So out came Caroline and I says "Caroline come along with me and sit down under the wall where it's retired and eat a little trifle that I have brought with me to do you good," and she throws her arms round my neck and says sobbing "O why were you never a mother when there are such mothers as there are!" she says, and in half a minute more she begins to laugh and says "Did I really tear your cap to shreds?" and when I told her "You certainly did so Caroline" she laughed again and said while she patted my face "Then why do you wear such queer old caps you dear old thing? if you hadn't worn such queer old caps I don't think I should have done it even then." Fancy the girl! Nothing could get out of her what she was going to do except O she would do well enough, and we parted she being very thankful and kissing my hands, and I nevermore saw or heard of that girl, except that I shall always believe that a very genteel cap which was brought anonymous to me one Saturday night in an oilskin basket by a most impertinent young sparrow of a monkey whistling with dirty shoes on the clean steps and playing the harp on the Airy railings with a hoop-stick came from Caroline.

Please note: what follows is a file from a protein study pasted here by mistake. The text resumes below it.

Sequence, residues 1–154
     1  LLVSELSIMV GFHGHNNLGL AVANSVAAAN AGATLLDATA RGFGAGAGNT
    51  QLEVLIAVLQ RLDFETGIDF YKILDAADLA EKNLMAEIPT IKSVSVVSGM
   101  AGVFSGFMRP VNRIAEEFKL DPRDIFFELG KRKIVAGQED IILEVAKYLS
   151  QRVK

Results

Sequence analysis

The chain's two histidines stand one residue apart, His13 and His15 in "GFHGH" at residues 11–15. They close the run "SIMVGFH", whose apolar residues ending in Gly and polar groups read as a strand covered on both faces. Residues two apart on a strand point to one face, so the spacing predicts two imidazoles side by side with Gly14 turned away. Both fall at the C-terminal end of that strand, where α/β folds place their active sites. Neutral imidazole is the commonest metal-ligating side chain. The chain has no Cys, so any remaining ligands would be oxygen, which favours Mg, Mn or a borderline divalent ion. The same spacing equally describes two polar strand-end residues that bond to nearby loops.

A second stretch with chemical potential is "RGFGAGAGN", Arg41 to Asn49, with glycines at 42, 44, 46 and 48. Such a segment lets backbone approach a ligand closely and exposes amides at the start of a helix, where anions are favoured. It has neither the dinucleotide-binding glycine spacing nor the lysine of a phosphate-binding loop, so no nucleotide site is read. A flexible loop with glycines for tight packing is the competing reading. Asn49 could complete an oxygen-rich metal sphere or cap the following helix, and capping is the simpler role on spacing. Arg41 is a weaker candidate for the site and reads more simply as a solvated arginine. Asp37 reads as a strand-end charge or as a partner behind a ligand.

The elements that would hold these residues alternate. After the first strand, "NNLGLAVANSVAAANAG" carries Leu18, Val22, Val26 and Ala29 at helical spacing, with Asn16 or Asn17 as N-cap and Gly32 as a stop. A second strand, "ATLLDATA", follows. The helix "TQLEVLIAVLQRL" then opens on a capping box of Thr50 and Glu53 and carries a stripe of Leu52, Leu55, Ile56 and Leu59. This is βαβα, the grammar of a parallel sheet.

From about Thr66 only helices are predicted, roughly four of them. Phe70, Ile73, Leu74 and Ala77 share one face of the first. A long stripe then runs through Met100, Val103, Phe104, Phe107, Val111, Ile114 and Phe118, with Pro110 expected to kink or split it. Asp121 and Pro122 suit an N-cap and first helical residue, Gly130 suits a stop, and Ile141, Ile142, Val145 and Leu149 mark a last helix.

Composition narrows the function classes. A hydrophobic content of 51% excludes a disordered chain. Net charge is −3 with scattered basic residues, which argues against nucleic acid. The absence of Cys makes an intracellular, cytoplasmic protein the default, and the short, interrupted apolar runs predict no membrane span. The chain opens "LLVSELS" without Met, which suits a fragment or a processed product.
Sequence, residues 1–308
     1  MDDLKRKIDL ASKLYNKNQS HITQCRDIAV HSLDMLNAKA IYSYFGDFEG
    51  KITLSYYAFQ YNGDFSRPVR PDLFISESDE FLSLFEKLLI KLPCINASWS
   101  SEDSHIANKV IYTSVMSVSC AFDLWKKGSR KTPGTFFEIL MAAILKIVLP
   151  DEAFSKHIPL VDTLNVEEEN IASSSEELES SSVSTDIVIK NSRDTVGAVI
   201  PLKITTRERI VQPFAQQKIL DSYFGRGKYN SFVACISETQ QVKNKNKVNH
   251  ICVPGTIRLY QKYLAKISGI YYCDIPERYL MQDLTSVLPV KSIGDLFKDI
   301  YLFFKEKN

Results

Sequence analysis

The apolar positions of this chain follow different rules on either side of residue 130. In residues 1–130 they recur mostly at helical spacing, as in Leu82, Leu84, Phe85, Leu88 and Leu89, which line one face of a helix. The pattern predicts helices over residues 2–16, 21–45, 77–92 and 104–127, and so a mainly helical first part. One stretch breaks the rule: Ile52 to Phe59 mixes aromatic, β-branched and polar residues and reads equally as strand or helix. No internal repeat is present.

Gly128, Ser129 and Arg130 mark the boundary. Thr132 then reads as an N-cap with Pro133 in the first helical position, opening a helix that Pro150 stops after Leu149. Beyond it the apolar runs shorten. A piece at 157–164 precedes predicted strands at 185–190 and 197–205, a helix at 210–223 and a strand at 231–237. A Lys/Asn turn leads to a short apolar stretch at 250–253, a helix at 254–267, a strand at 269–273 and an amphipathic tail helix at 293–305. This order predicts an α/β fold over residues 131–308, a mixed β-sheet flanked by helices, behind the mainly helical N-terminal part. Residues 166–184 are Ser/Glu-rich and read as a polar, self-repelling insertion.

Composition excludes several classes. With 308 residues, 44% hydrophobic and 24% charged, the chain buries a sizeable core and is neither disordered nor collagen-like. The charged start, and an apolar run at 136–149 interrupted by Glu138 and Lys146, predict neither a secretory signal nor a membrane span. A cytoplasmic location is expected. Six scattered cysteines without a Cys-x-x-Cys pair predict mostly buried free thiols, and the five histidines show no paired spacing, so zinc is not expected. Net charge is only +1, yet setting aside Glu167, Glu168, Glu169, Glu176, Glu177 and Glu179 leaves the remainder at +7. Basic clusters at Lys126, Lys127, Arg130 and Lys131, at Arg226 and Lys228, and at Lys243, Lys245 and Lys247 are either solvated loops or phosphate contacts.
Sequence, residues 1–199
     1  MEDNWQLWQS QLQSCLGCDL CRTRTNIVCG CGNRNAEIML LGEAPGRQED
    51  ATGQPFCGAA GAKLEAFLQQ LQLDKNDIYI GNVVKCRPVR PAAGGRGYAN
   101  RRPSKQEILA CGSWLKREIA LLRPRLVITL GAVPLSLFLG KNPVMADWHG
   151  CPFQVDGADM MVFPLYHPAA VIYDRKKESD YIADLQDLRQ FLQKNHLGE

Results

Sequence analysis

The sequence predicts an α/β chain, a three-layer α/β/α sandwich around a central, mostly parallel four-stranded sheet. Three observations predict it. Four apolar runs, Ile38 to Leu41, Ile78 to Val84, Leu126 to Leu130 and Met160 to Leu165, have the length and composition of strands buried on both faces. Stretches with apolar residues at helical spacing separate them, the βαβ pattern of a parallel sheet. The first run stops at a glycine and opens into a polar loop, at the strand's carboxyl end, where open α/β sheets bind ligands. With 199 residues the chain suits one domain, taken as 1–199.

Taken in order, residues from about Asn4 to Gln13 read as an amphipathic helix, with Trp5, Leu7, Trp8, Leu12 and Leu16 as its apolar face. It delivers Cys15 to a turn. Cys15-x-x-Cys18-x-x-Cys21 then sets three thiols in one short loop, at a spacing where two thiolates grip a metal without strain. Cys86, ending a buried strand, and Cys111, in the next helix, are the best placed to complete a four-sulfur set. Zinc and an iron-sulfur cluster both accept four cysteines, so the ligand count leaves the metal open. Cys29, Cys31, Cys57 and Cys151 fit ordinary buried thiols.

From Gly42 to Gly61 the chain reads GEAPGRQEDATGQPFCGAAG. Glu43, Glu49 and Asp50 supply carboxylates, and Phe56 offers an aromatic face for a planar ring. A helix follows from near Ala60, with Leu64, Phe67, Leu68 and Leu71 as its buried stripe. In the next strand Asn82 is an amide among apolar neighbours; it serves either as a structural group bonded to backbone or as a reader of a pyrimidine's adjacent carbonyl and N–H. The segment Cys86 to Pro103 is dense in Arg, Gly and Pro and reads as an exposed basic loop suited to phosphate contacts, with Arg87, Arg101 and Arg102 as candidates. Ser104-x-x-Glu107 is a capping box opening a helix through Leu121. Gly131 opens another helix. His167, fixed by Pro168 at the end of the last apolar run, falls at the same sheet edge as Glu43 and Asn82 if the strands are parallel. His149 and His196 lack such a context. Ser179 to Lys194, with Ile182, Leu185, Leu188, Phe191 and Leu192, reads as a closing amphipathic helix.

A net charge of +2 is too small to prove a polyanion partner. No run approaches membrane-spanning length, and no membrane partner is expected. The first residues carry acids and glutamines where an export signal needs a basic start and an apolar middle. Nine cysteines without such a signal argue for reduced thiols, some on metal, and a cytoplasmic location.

What you lay yourself open to my dear in the way of being the object of uncharitable suspicions when you go into the Lodging business I have not the words to tell you, but never was I so dishonourable as to have two keys nor would I willingly think it even of Miss Wozenham lower down on the other side of the way sincerely hoping that it may not be, though doubtless at the same time money cannot come from nowhere and it is not reason to suppose that Bradshaws put it in for love be it blotty as it may. It _is_ a hardship hurting to the feelings that Lodgers open their minds so wide to the idea that you are trying to get the better of them and shut their minds so close to the idea that they are trying to get the better of you, but as Major Jackman says to me, "I know the ways of this circular world Mrs. Lirriper, and that's one of 'em all round it" and many is the little ruffle in my mind that the Major has smoothed, for he is a clever man who has seen much. Dear dear, thirteen years have passed though it seems but yesterday since I was sitting with my glasses on at the open front parlour window one evening in August (the parlours being then vacant) reading yesterday's paper my eyes for print being poor though still I am thankful to say a long sight at a distance, when I hear a gentleman come posting across the road and up the street in a dreadful rage talking to himself in a fury and d'ing and c'ing somebody. "By George!" says he out loud and clutching his walking-stick, "I'll go to Mrs. Lirriper's. Which is Mrs. Lirriper's?" Then looking round and seeing me he flourishes his hat right off his head as if I had been the queen and he says, "Excuse the intrusion Madam, but pray Madam can you tell me at what number in this street there resides a well-known and much- respected lady by the name of Lirriper?" A little flustered though I must say gratified I took off my glasses and courtesied and said "Sir, Mrs. Lirriper is your humble servant." "Astonishing!" says he. "A million pardons! Madam, may I ask you to have the kindness to direct one of your domestics to open the door to a gentleman in search of apartments, by the name of Jackman?" I had never heard the name but a politer gentleman I never hope to see, for says he, "Madam I am shocked at your opening the door yourself to no worthier a fellow than Jemmy Jackman. After you Madam. I never precede a lady." Then he comes into the parlours and he sniffs, and he says "Hah! These are parlours! Not musty cupboards" he says "but parlours, and no smell of coal-sacks.